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Introduction to the Law of Corporations: Cases and Materials

Stockholder Meetings and Voting for Directors

Stockholders do not have a general right to manage the business and affairs of the corporation. Nor do they have a general right to vote on matters related to the operation of the corporation's business. The principle power of stockholders is the power to vote for directors and certain corporate transactions which for which there is a statutory stockholder vote required. Stockholders who disagree with the strategy or direction of the corporation have generally have two choices: vote in favor of a different board and thus change the composition of the board of directors; or sell their shares. In many cases, institutional stockholders or indexed stockholders will not be in a position to sell their shares. Thus, the corporate ballot box becomes a fulcrum to affect a change in corporate strategy.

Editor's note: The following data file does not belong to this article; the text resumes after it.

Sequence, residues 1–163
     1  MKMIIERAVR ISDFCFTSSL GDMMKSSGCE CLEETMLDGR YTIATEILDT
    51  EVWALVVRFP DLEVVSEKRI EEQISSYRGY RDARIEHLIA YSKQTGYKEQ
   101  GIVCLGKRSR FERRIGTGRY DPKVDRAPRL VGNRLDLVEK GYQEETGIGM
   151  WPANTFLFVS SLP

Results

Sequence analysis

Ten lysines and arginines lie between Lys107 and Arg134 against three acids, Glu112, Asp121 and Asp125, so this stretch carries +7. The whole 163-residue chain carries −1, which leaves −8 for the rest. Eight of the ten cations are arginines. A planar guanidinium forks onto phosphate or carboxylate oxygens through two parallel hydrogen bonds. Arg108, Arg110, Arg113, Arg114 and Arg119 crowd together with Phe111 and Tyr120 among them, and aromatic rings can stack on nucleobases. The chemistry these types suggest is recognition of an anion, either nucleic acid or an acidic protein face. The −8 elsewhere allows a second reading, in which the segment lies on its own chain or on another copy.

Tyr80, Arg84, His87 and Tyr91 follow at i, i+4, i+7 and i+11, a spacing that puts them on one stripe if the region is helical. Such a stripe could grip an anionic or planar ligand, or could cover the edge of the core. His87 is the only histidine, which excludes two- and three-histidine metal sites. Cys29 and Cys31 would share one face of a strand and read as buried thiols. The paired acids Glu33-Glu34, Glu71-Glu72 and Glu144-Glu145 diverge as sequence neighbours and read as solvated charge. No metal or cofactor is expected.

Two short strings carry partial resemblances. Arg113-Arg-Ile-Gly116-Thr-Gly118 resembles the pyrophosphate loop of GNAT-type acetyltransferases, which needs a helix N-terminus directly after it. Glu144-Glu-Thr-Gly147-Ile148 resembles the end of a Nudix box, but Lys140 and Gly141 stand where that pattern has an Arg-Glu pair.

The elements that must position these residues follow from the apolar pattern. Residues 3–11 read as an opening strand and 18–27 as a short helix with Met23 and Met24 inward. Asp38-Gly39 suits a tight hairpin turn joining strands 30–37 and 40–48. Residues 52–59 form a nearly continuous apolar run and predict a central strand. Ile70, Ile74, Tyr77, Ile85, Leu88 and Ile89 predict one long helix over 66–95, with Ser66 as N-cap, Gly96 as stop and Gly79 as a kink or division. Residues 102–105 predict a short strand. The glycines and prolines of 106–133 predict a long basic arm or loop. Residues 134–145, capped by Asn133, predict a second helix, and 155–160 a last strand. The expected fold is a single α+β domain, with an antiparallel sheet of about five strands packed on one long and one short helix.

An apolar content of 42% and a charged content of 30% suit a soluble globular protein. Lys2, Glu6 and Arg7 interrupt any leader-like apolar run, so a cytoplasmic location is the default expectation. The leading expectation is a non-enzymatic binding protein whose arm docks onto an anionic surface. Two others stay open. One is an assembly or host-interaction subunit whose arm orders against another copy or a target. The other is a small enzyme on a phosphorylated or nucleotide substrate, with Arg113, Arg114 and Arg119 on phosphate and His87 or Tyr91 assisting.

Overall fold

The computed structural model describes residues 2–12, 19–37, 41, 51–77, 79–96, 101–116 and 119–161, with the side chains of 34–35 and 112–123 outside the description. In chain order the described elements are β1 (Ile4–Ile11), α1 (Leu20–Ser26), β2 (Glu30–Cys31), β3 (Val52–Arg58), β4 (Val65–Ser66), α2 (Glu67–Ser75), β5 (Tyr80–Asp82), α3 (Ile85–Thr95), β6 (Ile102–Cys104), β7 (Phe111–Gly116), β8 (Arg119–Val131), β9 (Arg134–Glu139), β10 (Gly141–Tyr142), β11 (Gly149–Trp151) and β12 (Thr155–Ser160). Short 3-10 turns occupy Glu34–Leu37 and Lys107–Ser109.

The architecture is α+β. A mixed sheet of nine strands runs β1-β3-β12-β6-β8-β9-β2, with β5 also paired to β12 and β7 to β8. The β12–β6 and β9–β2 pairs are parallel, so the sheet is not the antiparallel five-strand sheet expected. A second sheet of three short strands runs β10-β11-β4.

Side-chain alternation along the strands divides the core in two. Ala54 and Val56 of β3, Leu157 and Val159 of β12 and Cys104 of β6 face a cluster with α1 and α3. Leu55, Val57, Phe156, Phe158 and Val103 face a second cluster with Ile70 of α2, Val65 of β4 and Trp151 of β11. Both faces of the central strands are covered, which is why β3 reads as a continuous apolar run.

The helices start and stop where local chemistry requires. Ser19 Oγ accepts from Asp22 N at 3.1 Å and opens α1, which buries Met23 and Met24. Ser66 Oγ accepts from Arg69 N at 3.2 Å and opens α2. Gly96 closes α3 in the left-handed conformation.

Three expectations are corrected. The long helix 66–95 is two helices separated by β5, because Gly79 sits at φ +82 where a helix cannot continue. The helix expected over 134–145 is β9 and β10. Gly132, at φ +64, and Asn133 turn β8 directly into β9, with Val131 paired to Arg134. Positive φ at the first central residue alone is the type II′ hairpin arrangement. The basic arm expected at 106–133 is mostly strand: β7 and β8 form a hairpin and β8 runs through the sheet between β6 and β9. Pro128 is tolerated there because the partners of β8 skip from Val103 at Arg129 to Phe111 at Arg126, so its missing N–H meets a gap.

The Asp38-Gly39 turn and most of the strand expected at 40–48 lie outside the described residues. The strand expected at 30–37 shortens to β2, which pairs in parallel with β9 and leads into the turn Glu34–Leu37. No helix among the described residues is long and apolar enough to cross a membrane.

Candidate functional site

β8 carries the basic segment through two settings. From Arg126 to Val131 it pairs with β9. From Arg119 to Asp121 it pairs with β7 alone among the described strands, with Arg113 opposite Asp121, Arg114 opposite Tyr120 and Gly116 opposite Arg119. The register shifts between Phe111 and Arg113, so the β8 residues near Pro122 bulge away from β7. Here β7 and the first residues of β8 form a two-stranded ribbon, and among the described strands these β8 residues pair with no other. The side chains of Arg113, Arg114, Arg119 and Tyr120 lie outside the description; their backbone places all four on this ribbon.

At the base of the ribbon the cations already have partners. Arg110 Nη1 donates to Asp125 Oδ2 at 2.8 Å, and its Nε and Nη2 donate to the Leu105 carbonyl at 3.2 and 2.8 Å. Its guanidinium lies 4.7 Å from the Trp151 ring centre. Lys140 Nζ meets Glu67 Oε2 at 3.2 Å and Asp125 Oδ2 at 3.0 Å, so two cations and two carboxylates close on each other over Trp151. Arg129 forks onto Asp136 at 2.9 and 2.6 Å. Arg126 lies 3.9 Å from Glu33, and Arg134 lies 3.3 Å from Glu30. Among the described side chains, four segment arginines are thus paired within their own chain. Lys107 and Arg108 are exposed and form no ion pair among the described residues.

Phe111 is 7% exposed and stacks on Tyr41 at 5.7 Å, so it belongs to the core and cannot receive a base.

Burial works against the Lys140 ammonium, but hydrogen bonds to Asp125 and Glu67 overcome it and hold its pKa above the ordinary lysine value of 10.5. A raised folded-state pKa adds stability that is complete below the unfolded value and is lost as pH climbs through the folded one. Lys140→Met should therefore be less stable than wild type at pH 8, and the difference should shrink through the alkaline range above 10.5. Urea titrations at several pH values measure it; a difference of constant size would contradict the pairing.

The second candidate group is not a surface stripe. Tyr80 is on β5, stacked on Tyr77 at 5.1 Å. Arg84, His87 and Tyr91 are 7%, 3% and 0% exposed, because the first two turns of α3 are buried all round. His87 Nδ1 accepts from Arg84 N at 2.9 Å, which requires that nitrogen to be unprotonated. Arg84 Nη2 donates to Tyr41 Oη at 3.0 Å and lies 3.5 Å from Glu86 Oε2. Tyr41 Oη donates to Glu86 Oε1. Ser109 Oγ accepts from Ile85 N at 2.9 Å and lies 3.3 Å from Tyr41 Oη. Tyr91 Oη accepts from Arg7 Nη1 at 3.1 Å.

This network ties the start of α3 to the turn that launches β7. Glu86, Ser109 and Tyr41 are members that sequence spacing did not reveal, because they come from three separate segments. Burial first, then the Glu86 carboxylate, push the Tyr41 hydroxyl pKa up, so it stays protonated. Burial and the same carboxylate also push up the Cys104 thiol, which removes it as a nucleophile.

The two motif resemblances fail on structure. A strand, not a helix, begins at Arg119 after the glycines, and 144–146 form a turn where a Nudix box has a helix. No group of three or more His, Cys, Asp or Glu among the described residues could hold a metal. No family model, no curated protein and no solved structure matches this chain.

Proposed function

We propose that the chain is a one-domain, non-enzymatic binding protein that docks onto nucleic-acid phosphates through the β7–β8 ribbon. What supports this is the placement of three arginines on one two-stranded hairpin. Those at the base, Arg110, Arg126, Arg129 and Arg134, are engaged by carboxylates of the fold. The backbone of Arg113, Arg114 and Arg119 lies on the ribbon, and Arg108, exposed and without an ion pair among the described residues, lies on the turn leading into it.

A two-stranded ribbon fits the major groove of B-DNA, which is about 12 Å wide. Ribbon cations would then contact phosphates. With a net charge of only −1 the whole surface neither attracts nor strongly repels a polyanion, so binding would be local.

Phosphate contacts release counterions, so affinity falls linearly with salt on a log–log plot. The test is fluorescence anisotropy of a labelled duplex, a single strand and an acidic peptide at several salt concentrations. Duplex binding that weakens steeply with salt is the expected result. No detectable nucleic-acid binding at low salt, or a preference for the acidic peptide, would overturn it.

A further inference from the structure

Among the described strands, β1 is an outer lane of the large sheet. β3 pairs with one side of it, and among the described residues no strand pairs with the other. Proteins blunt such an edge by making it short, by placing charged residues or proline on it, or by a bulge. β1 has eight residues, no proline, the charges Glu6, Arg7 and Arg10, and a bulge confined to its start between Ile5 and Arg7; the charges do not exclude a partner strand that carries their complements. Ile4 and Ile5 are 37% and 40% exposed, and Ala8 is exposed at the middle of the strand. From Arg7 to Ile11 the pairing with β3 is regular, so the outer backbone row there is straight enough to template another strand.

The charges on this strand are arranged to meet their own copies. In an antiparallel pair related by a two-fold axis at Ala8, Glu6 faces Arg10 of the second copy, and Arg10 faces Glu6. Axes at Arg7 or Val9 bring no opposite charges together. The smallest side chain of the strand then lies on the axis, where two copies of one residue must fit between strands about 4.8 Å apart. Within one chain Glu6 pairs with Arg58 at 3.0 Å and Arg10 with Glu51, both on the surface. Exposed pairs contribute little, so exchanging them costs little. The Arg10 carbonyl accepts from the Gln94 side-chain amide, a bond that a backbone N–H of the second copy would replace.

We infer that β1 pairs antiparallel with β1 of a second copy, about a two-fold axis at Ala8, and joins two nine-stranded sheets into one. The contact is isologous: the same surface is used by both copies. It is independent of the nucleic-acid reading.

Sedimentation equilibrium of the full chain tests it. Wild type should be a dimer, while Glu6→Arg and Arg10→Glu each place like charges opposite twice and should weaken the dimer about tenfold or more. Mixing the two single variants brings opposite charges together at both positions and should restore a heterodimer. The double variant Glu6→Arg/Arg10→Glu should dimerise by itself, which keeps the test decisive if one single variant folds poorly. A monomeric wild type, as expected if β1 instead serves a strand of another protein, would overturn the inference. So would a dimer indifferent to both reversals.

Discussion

Nominations for membership on the board of directors are typically made by the board itself through a nominations and governance committee of the board created for that purpose. Stockholder activists will often use the threat of a contested election in which they nominate their own directors to sway incumbent directors with respect to corporate strategy. In that sense, stockholder control over corporations can be better described as a "bank shot" (to use a basketball description). While stockholders cannot dictate business decisions to boards of directors, when a board feels sufficiently vulnerable to expulsion at the ballot box, boards will become more amenable to activists' suggestions about the strategic direction of the business.  

The importance of the stockholder franchise and votes for control over the board of directors are the central tension in modern corporate governance. Boards are free to manage corporations in any manner they see fit, subject to regular votes of confidence by stockholders. To the extent boards stray far from the interests of stockholders, boards are vulnerable to replacement through regular stockholder votes. 

The following provisions lay out the requirements for stockholder meetings as well as stockholder voting at these meetings.